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Young Dolph Concert Review

Young Dolph
August 7th, 2015
CrossroadsKC at Grinders - Kansas City, MO

Young Dolph

Consider this review a bit of a sequel to the first SHUTTLECOCK concert review of Rae Sremmurd earlier this year, a fun show that just tested my patience a little.

Local rap promoters often pull many of the same tricks. With no formal announcement of opening acts, the show was overrun by them. At 9pm a familiar character wandered onto the Crossroads stage. Good old T-Rell, an artist I'd seen open the Rae Sremmurd show. The Topeka-based singer stuck to his shtick of singing R&B hits a cappella and performing a couple original songs. T-shirts were thrown out to the few audience members singing along with him.

Hot 103 Jamz' DJ Brian B. Shynin' spun radio rap hits in-between sets, one of which included an audience dancer with some impressive moves. Local rappers Devi and Bird performed a very mediocre joint set of outdated, uninspired hip-hop.

Adrian Marcel
10pm soon came with the first of the night's touring acts, Adrian Marcel. Marcel, a 25 year old Oakland R&B crooner quickly stole the hearts of many young women in the audience. A group of teenagers standing near me jumped and screamed multiple times throughout the half-hour set, including an extended period when Marcel pointed directly at one of them as he sang. While the guy certainly has pipes, I couldn't help but chuckling after he grabbed his crotch as he passionately sang about his "killa." Marcel closed with his biggest song "2AM", an admittedly catchy song and his most energetic performance of the set.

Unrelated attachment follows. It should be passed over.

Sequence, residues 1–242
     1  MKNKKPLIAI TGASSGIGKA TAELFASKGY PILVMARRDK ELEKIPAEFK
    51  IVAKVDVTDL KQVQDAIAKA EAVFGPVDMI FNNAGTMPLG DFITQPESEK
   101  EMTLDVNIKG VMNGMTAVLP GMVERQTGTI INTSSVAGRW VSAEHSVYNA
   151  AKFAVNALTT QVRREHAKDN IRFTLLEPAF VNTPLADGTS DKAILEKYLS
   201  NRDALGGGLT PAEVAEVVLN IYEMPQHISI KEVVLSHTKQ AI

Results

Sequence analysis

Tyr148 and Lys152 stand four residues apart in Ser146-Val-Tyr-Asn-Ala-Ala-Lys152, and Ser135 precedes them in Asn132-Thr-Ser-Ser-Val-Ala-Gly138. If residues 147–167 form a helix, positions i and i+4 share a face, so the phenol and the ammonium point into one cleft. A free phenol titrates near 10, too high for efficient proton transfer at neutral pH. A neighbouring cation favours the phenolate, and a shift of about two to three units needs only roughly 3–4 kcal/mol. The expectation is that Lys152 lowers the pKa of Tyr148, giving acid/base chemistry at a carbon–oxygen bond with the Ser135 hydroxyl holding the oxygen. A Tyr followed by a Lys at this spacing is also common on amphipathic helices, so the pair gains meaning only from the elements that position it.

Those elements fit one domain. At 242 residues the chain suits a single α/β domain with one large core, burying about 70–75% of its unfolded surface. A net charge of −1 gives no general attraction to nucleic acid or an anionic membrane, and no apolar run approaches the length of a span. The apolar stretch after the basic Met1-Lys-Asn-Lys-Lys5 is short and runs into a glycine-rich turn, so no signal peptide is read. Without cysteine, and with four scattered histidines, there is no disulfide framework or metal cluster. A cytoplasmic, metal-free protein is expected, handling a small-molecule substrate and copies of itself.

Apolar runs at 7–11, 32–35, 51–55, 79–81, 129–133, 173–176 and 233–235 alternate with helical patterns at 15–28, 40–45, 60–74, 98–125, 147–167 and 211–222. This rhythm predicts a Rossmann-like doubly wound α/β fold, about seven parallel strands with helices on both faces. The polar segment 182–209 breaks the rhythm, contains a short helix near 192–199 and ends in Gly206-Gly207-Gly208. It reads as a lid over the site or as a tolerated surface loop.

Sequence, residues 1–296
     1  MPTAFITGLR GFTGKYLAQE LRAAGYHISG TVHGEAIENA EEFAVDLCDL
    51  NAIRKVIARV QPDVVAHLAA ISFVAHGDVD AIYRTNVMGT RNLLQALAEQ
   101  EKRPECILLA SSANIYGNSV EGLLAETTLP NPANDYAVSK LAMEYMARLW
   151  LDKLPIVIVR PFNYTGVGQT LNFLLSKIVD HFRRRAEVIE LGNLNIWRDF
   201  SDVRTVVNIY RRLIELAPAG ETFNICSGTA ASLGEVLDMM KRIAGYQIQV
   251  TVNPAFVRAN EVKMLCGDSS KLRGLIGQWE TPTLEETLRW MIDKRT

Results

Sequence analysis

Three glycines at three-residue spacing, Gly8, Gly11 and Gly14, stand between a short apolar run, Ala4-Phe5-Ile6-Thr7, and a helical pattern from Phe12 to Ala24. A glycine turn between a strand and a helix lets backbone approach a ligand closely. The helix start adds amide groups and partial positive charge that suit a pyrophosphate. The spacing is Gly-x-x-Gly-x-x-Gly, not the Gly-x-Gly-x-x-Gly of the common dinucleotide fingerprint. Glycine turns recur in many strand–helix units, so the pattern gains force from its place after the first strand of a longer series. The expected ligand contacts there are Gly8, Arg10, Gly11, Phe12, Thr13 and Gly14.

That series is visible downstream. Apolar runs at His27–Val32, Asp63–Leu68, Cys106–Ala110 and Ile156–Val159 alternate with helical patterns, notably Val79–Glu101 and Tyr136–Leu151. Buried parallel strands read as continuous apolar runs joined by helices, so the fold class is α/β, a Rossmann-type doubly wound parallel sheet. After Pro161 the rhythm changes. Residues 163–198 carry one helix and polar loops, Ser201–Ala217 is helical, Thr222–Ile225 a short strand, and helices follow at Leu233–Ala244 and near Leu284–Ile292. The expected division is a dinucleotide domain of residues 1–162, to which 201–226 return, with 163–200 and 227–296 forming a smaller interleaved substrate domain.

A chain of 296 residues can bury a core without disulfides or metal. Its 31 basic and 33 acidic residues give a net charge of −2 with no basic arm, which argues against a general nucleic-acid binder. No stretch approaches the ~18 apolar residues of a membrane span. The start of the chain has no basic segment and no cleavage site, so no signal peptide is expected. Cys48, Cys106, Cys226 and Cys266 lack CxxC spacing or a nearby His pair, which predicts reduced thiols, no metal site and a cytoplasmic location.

Next to perform was a very rambunctious group by the name of Loudpack Money Gang, three Kansas City rappers and many friends they let on stage. Their songs draw heavily from Atlanta and Chicago's aggressive trap and drill sounds. The boys were jumping up and down, shoving their faces into on-stage cameras, and smoking blunts for the majority of what was one of the more entertaining opening sets. After a handful of songs they asked that you follow one of them on Instagram, shook hands with the DJ, and left the stage.

Kansas City's First Family Of Rap
I didn't even catch the name of the last group (or rapper and posse) to open. They offered a similar version of unoriginal Kansas City hip-hop as Devi and Bird. The one tight part about their set though was two of the rappers' elementary school aged family members (or friends?) hopping the barricade and joining the guys on stage. The kids knew almost all of the profanity-laced lyrics by heart, reciting them until the music cut out. The crowd ate it up, but you might see it on the local news later and witness your racist aunt ranting about it on her Facebook.

Finally, by 11pm, the South Memphis Kingpin himself joined in on the party. Young Dolph, while never having a chart-topping hit, has quite an impressive resumé. He has worked with producers Zaytoven and Metro Boomin, recorded songs with 2 Chainz, Juicy J, Paul Wall, and Gucci Mane, and dropped ten full-length mixtapes. While performing a succinct set, the crowd was hyped on every second of it.

The stage quickly flooded with photographers, dancers, and several of the show's openers. Dolph didn't seem to mind the company. He slowly crept from one side of the stage to the other, frequently waving a towel around over his head to rile up the crowd. While the artsy First Friday events were entertaining suburban tourists outside, Young Dolph was entertaining those more concerned with the guap and reminding us that "real n****s make the world go 'round." That's a lot more fun if you ask me.

Dolph masterfully performed his boastful raps with a sort of power that only a veteran of the Dirty South could, and that's all that anyone could've asked of him.

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